Bank capital: how much is enough?

Tweaks to Basel III provoke warnings from US bankers

The biggest issue in US banking right now is the higher bank capital requirements proposed by the US regulatory authorities. These proposals, which would require banks to increase their capital by 20%, have agitated US bankers and prompted warnings that borrowing costs would increase.

In March 2023, global attention was fixed on the US banking system as several mid-sized regional banks succumbed to the devastating effects of unprecedented deposit runs. Things got especially interesting when Credit Suisse, the Swiss banking behemoth, teetered on the brink of collapse. The travails of a huge international bank naturally fuelled worries of contagion, reminiscent of the terrifying days in the autumn of 2008.

Fears of another global financial meltdown did not play out for two reasons. First, US authorities acted quickly to contain the nascent crisis, extending deposit insurance and injecting central bank liquidity. These measures prevented a further serious deterioration in confidence and, by backstopping the failing institutions, paved the way for their acquisition by stronger firms.

Second, bank capital ratios in March 2023 were significantly higher than in 2008. Those higher capitalisation ratios reflected the decision by international bank regulators and supervisors to bolster the system’s resilience. The Basel III rules – named for the Swiss city home to the Basel Committee on Banking Supervision – adopted in the wake of the 2008 financial crisis raised both capital and liquidity buffers for large internationally active banks.

The proposed final tweaks to Basel III are the reason US bankers are so agitated. However, their warnings are somewhat overblown.

Basel III capital and liquidity buffers protected the banks from the risk of contagion a year ago. In fact, the biggest banks saw their deposits increase as money fled smaller regional banks. Bankers point to this resiliency as evidence that existing capital requirements are sufficient. They might have a point except for those extraordinary policy measures to protect the economy from financial instability.

Moreover, bank capital is not tantamount to money locked away in a vault that can’t be lent out. When a bank raises capital by issuing shares or through retained earnings, it can use some of those funds to buy liquid assets, such as government treasury bills, and to lend as illiquid assets – home mortgages or car loans. If a bank wants to fund a certain level of lending, it can raise additional deposits or issue bonds, increasing debt. Alternatively, the bank can issue more shares or retain earnings, increasing its capital base.

From the bank’s perspective, capital is costly relative to debt because tax laws provide a financial incentive to issue debt in the form of interest deductibility. By increasing the share of debt in the capital structure of the firm, the bank’s managers can increase after-tax returns to shareholders.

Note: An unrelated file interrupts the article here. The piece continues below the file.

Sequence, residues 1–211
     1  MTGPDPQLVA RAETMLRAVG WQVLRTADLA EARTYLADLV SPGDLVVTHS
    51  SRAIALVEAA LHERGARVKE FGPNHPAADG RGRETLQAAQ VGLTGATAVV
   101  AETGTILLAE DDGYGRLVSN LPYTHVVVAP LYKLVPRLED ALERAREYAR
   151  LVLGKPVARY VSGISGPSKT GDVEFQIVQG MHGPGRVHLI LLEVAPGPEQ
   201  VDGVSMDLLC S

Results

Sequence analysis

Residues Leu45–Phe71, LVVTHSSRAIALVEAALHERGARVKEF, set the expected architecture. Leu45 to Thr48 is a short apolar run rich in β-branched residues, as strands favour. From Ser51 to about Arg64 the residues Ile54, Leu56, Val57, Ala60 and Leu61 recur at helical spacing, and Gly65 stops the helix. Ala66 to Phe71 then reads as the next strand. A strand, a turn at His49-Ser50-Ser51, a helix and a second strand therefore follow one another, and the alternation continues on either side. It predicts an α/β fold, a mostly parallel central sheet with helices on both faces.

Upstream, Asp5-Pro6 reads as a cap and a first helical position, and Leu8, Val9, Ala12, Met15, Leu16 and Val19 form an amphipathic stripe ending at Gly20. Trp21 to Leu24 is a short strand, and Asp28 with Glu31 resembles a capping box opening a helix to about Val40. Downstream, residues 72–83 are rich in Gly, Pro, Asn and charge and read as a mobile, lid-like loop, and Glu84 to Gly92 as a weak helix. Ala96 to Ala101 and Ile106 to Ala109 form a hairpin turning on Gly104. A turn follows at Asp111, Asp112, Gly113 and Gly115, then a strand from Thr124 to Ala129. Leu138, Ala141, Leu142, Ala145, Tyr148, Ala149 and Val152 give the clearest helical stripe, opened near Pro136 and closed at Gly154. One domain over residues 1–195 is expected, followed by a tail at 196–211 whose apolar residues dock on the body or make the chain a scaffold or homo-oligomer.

In other words, higher capital requirements entail private costs – smaller bonuses for bank managers and less attractive returns for bank shareholders. And if the risk-adjusted return on bank capital is below the risk-adjusted return in other sectors because of higher capital requirements, banks would have more difficulty raising capital, leading them to ‘optimise’ their balance sheets, reducing the volume or raising the price of some lending, such as loans to disadvantaged clients.

The question is whether these private costs are offset by lower social costs as measured by a reduced risk of financial crises. Put simply, more capital reduces this risk because banks are better able to withstand large negative shocks.

While this trade-off underlies the Basel III rules, it doesn’t imply that banks should hold sufficient capital to withstand all conceivable shocks. It would have been foolish, for example, to force banks to have enough capital to withstand the financial market dysfunction that accompanied the onset of the Covid-19 pandemic – a truly ‘once-in-a-century’ shock that only government balance sheets, backed up by the financial firepower of central banks, could absorb. But short of black swan shocks, banks should be required to hold sufficient capital to prevent the kind of crisis created by imprudent risk-taking, as occurred in 2008.

Unfortunately, one year after the biggest banking crisis since the onset of the 2008 financial crisis, we still don’t have an answer to the key question regarding bank capital: how much is enough? That needs to change if we’re to prevent future financial crises.

James Haley is a Senior Fellow at the Centre for International Governance Innovation and a Canada Institute Global Fellow at the Woodrow Wilson Center for International Scholars.

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